Justice Champions of Change:

The advocate fighting for legal empowerment in U.S. prisons


Jhody Polk has moved from being incarcerated for seven years in a United States prison to leading a movement to give incarcerated people better representation and treatment. In 2018 she launched the Legal Empowerment and Advocacy Hub (LEAH), the first participatory defense hub in the state of Florida. LEAH is also the home of the Jailhouse Lawyers Initiative which supports incarcerated law clerks and jailhouse lawyers — individuals on the inside who are working to provide better legal representation for themselves and their peers — LEAH also works with vulnerable, isolated, and incarcerated communities to educate them about the criminal justice system and human rights.

A Soros Justice Fellow and the Florida Ambassador of the National Council for Incarcerated and Formerly Incarcerated Women and Girls, Jhody spoke to the Task Force’s Alisa Jimenez about the scope and impact of her legal empowerment work.

Jhody Polk (Photo: Jhody Polk)

Alisa: First, could you tell me about the journey that took you into legal empowerment and advocacy work?

Jhody: It started in prison. While I was incarcerated in Florida, the librarian recommended that I train as a law clerk. So I went through my training, and the more I read the law and the more injustice I saw in prison — not just in criminal cases but also for those who were going through civil justice situations — the more I understood how the law could be used for good or for bad. I came to love the law. A lot of people would ask me how this was possible — the law is terrible, they’d say — but I realized even in prison that it wasn’t so much that the law is bad, but that it depended on who was interpreting and using and making the law. So it was while I was incarcerated that I realised I wanted to go to law school and I wanted to educate people as well become a lawmaker.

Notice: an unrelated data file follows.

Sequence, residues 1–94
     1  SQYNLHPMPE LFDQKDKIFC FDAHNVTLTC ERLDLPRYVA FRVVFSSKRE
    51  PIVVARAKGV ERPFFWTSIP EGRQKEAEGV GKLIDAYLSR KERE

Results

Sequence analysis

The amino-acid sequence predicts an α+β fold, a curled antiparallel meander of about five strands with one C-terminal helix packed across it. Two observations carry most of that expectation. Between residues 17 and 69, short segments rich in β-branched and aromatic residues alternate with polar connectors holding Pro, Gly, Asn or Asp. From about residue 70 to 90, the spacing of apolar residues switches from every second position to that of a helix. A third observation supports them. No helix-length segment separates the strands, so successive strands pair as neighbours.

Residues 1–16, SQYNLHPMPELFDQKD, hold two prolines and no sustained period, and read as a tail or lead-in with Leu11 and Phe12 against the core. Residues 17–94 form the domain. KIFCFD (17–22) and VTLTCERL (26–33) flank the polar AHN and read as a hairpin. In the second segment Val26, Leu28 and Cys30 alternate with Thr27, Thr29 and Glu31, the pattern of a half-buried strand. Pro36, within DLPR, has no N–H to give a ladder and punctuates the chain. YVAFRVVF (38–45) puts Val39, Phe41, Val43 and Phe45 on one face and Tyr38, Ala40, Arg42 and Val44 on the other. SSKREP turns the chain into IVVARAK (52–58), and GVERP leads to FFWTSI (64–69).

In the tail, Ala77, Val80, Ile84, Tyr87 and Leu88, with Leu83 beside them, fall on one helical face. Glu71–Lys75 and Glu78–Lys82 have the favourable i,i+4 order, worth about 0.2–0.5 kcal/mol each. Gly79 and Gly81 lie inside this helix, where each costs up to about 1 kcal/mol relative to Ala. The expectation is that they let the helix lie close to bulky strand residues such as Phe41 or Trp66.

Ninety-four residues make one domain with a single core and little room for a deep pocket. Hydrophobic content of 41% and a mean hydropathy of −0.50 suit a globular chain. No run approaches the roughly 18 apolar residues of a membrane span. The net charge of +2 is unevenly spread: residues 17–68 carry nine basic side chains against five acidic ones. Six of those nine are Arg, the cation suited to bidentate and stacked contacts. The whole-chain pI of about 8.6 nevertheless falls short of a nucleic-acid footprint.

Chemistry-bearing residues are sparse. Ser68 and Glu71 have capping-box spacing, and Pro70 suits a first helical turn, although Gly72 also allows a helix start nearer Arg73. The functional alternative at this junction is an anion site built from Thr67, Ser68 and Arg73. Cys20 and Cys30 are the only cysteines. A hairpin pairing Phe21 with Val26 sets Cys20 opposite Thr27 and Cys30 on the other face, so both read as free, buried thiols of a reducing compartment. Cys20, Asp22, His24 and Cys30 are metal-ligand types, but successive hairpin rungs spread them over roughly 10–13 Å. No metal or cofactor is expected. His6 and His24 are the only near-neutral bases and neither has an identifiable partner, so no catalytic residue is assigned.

Alisa: And what did you do when you left prison?

Jhody: I came home and instantly became a mom and a wife. I enrolled in college for paralegal studies and found a job in hotels. About 3 years after my release I got involved first with the Second Chances Campaign in Florida, which worked to restore voting rights to people with convictions. I quit my job at the hotel and I started a temporary job on the campaign to restore voting rights. I joined the National Council for Incarcerated and Formerly Incarcerated Women and Girls, that same year in 2017 and I started a chapter of the National Council in Florida, which is now the Florida Council for Incarcerated and Formerly Incarcerated Women and Girls. The River Phoenix Center for Peacebuilding hired me at the end of the campaign and I have been at RPCP ever since.

But although I was doing very useful work, I somehow felt it wasn’t enough. In 2017 a friend told me I should apply for a Soros fellowship, which I’d never heard of before. And that same night I had dinner with another friend and I was showing her my professional plan for my life. I had all this stuff like voting rights for incarcerated women and girls that I felt I was supposed to do, and at the bottom of that list it said empowering incarcerated law clerks. And my friend was like, that’s a Soros fellowship, and out of all the big ideas on the page I realized that this little thing at the bottom was what I really wanted to do. So I applied and in 2018 I was named a Soros Justice Fellow for the initiative to empower jailhouse lawyers in prisons throughout the United States.

Alisa: Why are jailhouse lawyers important?